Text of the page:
Earlier this year, Olympus sold its imaging business to Japan Industrial Partners (JIP). And just when the future of Olympus began to seem bright, it turned out that JIP had other plans. According to the latest information, Olympus will no longer use its name with the camera gear.
Although Japan Industrial Partners has essentially come out and said that it’s business as usual for Olympus as a camera brand and that it has big plans (particularly with video) for the Micro Four Thirds system in the future, many MFT shooters are still in doubt about what may come under the brand’s new ownership.
A report on 43Rumors today, also suggests that Panasonic isn’t all that confident in MFT’s future, either. They say that Panasonic doesn’t see a lot of potential for Olympus shooters to switch to Panasonic’s Micro Four Thirds products, suspecting that they’ll just stick with what they or move over to an APS-C or full-frame system.
It’s done, it’s final. Olympus has announced today that it has concluded a definitive agreement with Japan Industrial Partners Inc. (JIP) regarding the transfer of the Olympus Imaging Business.
According to the press release, Olympus will be transferring its Imaging business to a new wholly-owned subsidiary called the “New Imaging Company”, through what is called an absorption-type split. This will be followed up on January 1, 2021 by a transfer of 95% of the shares to OJ Holdings, Ltd – a “special purpose company” set up by JIP.
Just a few days ago, Japan Industrial Partners, the company taking over Olympus’ Imaging division stated that they were going to start putting more of a focus on video. Well, it seems their focus has shifted sooner than anybody expected.
Today, Olympus has announced the development of a new firmware update, being created in collaboration with Atomos, to allow the Olympus OM-D E-M1X and OM-D E-M1 Mark III mirrorless cameras to output RAW over HDMI, allowing them to take advantage of ProRes RAW recording in the Atomos Ninja V.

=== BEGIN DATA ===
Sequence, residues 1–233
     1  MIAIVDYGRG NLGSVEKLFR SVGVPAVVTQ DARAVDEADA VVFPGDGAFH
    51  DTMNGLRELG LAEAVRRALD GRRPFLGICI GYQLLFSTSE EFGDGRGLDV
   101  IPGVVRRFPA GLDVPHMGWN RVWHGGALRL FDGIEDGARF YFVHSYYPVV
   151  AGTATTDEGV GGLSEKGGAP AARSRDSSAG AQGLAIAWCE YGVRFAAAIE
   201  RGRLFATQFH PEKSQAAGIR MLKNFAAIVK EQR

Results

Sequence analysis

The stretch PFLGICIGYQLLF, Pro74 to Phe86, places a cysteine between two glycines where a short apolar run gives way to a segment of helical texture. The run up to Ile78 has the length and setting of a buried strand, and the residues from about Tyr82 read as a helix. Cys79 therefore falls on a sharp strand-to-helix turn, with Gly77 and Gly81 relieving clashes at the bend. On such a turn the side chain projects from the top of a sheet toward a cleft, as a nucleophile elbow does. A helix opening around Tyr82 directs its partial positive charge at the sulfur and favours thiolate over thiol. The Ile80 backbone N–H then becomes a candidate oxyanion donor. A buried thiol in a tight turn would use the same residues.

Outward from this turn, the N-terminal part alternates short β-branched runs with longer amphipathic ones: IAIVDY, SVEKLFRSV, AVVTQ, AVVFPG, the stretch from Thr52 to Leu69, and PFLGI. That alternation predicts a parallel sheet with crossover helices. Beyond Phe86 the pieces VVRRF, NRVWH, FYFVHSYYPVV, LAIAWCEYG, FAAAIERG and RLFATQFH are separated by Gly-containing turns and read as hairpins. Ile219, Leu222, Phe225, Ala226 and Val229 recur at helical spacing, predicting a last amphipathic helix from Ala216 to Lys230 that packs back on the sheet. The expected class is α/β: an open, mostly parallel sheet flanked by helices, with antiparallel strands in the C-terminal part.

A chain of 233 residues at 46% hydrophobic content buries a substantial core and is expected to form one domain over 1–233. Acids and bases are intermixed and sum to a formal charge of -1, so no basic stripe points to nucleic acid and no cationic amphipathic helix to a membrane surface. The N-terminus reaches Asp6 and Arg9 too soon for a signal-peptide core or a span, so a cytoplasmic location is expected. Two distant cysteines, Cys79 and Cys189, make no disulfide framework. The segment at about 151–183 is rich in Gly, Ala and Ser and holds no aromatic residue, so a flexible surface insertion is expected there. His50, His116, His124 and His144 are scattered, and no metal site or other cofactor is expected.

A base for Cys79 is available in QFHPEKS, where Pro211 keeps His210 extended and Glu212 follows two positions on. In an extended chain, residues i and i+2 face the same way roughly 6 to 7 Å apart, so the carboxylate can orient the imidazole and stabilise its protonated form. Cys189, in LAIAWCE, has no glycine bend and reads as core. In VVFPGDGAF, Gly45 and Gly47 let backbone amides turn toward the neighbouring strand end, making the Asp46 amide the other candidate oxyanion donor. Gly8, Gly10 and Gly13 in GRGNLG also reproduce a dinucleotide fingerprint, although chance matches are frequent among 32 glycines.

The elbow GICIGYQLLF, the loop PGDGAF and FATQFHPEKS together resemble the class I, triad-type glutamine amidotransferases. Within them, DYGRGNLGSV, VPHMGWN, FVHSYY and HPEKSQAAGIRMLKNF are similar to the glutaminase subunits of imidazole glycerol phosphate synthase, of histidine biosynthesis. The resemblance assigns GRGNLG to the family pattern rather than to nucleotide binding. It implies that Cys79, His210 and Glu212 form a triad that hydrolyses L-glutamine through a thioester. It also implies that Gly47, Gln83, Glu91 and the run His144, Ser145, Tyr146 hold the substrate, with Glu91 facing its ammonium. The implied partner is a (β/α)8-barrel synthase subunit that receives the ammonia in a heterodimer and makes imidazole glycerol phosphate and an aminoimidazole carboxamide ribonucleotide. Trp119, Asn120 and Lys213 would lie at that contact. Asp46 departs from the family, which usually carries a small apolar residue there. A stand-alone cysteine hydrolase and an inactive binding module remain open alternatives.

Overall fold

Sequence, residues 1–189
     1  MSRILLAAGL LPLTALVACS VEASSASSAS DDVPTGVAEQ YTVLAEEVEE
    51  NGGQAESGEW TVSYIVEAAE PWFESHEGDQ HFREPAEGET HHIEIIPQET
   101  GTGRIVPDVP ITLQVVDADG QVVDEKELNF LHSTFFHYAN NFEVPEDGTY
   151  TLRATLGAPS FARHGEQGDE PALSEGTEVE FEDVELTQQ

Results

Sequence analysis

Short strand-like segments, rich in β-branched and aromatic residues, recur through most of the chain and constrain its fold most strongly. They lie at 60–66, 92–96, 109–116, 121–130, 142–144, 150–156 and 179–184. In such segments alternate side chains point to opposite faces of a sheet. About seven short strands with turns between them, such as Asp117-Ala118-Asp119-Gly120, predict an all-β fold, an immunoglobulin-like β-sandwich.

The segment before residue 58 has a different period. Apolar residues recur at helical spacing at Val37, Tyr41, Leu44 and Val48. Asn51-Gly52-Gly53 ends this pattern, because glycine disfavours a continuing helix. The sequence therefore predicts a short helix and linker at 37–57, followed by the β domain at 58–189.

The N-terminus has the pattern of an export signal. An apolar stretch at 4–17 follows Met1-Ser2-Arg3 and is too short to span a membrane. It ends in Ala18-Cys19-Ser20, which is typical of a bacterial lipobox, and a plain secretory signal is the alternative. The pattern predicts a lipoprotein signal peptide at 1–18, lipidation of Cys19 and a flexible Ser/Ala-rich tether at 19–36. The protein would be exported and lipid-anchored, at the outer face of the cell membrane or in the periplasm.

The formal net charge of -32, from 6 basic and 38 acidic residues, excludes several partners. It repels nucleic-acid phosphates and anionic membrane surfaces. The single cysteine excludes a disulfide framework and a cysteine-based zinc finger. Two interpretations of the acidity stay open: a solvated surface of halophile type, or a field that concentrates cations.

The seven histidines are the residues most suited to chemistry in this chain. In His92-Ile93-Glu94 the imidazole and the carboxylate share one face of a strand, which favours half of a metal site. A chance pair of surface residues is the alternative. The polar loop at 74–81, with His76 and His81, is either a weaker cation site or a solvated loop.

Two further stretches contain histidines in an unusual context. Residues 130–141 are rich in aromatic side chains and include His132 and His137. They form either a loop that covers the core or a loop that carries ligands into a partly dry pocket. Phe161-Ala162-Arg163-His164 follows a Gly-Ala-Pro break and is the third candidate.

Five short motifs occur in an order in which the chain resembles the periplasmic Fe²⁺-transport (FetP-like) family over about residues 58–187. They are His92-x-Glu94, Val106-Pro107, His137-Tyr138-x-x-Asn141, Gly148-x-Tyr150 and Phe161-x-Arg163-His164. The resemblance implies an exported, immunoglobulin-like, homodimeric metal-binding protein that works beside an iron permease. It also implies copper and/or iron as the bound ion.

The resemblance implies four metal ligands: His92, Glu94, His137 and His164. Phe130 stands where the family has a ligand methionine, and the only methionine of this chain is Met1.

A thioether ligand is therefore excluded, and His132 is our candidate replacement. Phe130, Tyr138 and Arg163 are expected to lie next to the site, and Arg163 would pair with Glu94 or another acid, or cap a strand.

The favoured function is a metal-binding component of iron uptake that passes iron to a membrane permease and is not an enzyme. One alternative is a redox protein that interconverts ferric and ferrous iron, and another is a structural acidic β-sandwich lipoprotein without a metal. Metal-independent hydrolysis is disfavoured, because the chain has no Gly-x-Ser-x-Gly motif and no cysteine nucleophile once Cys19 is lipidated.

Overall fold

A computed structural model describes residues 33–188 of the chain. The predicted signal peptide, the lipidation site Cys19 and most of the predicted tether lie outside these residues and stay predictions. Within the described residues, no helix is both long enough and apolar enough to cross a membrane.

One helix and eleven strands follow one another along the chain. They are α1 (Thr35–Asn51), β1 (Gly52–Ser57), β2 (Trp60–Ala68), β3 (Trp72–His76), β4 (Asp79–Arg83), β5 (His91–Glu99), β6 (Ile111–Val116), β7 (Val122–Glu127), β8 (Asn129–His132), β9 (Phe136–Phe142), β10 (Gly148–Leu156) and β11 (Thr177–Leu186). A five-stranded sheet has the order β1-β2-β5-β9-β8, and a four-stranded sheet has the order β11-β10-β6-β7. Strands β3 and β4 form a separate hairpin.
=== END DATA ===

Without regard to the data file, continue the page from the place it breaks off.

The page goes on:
JIP’s been pretty quiet since the announcement of the deal to take over the Imaging division from Olympus. It’s left a lot of doubt and uncertainty about the future of the Micro Four Thirds system – especially when there are also fears that Panasonic might be preparing to ditch MFT. But in an interview with Toyokeizai, Japan Industrial Partners has confirmed their commitment to the format and the brand.
The camera market is an interesting thing, especially when it comes to sales. Depending on how we look at the data, it can show very different results. Two reports confused me at first, with one declaring Olympus as King in the Japanese mirrorless market, holding four of the top ten spots on sales while another says that Canon’s EOS R5 was outselling every other interchangeable lens camera available.
Well, it turns out they’re both right. For the first six months of 2020, one report shows that Olympus holds the Number 1, 2, 6 and 10 spots on mirrorless camera sales collated from Japanese retailers. The other is a little more recent, covering the first two weeks of this month, showing that the EOS R5 has been outselling every other mirrorless camera currently available.
It’s funny. Olympus seems to have actually become more prolific since they announced their sale to JIP. They’ve announced the new OM-D E-M10 Mark IV camera, the 100-400mm f/5-6.3 IS lens, unveiled a new lens roadmap, and told us how their stabilisation works.
Ok, admittedly, that last one was filmed last October, but still, Olympus Europe has been going crazy on the video content lately. This one is really something, though. And no, it’s not just a meme. This is how Spanish extreme photographer Fernando Marmolejo really cleans his Olympus cameras.
Olympus has now officially announced the leaked-a-little-early-by-Amazon-Canada, Olympus OM-D E-M10 Mark IV. It’s their fourth generation of Olympus’ entry-level OM-D E-M10 mirrorless camera and comes with a new 20-megapixel sensor, TruePic VII processor and a new focus on shooting selfies.
The OM-D E-M10 Mark IV comes equipped with a flip-down LCD with on-screen controls to help making selfie-shooting easier. Although, they they’d do this with a flip-down LCD when you’re typically going to be having it on a mini tripod or something that obscures the view vs a flippy-out LCD I’ve no idea.
Olympus M.Zuiko Digital ED 100-400mm f/5-6.3 IS is a newly announced lens from Olympus. If you’re looking for a super-zoom lens for, say, wildlife or sports, looks like this one could be the right choice. Since it’s compatible with Olympus’ 1.4x and 2x teleconverters, you can get up to 1600mm equivalent focal length with this lens.